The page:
(3.)SECTION 20 (c) provides that every suit shall be instituted in a Court within the local limits of whose jurisdiction the cause of action wholly or in part arises. The expression "cause of action" has received judicial interpretation on numerous occasions. Every student of the Code is familiar with the explanation of this expression which describes it as a bundle of essential facts necessary to be proved by the plaintiff in order to succeed in his suit. This explanation appears to be clear and facile; but it is not always easy to decide which facts can legitimately enter this bundle and which must be excluded from it. The observations of Lord Justice Fry in -- 'read v. Brown', (1888) 22 Q B D 128 at p. 132 (A) which explain the meaning of the expression "cause of action" have now become a classic on the subject and are cited by every commentator on the Code of Civil Procedure: "everything," observed Lord Justice Fry "which, if not proved, gives the defendant an immediate right to judgment, must be part of the cause of action. " mr. Justice Brett put the same position in a somewhat different form in -- 'cooke v. Gill', (1873) LR 8 CP 107 (B) by making this lucid observation:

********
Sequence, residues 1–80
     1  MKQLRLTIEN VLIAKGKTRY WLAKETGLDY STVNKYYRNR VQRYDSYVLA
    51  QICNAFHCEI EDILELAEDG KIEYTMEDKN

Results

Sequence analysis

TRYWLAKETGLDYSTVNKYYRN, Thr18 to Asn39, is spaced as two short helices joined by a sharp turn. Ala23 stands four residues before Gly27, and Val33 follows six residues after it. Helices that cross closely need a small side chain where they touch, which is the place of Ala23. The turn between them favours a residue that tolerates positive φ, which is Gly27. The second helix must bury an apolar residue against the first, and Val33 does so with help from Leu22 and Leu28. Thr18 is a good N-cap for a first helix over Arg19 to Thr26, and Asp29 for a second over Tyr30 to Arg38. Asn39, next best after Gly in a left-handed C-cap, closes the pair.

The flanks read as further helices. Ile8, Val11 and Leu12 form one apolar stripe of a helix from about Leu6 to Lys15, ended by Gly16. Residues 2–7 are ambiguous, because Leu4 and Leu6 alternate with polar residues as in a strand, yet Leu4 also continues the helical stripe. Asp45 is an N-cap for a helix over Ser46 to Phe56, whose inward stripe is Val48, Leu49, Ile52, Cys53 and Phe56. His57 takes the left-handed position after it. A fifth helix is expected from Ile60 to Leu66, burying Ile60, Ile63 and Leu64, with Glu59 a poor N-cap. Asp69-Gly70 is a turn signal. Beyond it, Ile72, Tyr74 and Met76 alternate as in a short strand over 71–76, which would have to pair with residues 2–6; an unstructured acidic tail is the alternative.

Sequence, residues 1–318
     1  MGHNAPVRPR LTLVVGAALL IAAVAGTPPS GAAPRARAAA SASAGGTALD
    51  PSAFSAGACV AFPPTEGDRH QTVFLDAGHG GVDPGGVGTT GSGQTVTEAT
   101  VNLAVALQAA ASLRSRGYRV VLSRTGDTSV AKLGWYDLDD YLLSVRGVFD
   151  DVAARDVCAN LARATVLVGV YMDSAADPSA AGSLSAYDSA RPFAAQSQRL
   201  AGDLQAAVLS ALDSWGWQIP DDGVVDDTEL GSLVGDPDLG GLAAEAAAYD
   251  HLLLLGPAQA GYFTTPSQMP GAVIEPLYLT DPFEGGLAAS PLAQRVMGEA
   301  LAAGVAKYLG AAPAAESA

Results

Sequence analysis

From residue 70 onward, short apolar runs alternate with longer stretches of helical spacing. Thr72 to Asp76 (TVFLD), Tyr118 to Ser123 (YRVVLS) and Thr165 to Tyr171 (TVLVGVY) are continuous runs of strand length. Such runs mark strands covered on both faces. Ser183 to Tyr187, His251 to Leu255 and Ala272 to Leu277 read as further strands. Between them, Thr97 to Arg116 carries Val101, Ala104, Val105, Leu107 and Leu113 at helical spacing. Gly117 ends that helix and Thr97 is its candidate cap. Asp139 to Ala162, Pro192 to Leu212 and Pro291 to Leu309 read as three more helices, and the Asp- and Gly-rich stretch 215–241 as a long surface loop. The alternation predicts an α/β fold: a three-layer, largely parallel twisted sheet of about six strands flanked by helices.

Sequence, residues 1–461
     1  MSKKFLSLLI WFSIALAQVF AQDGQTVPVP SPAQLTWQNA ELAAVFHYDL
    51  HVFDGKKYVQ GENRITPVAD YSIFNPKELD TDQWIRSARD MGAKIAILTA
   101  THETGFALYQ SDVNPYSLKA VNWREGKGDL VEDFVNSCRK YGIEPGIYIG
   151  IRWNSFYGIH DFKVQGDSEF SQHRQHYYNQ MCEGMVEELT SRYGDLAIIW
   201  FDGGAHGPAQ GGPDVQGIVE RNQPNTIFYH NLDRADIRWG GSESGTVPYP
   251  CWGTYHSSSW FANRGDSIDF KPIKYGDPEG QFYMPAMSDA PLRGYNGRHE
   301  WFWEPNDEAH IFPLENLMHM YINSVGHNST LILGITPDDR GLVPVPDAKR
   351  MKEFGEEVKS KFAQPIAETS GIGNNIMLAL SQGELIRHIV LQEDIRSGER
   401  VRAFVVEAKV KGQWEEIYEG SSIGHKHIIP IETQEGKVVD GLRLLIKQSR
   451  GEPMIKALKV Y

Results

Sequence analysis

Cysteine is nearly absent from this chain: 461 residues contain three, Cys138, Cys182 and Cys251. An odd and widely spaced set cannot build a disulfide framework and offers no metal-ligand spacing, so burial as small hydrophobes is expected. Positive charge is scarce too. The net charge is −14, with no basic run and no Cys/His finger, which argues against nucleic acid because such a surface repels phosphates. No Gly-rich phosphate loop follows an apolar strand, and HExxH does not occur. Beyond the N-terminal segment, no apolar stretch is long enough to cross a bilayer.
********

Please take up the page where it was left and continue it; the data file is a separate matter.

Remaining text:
" 'cause of action' has been held from the earliest time to mean every fact which is material to be: proved to entitle the plaintiff to succeed,--every fact which the defendant would have a right to traverse".
It is, however, important to bear in mind that the bundle of facts which constitute the cause of action in a civil suit does not and is not intended to comprise every fact which may be proved in evidence. It is only material facts which must be proved by the plaintiff before he can obtain a decree that constitute the cause of action. Facts which the plaintiff may allege incidentally and facts which may be brought in evidence as 'res gestae' would not necessarily constitute a part of the cause of action. The distinction between facts which are relevant and material and those that are incidental and immaterial is sometimes not easy to be drawn; but the said distinction is nevertheless important for the purpose of deciding which facts constitute the cause of action and which are not included in it. The position under Section 20 (c) is very clear, if it is shown by the plaintiff that the cause of action has arisen wholly or in part within the local limits of the jurisdiction of the trial Court, the trial Court would be entitled to deal with the suit.


Click here to view full judgement.
Copyright © Regent Computronics Pvt.Ltd.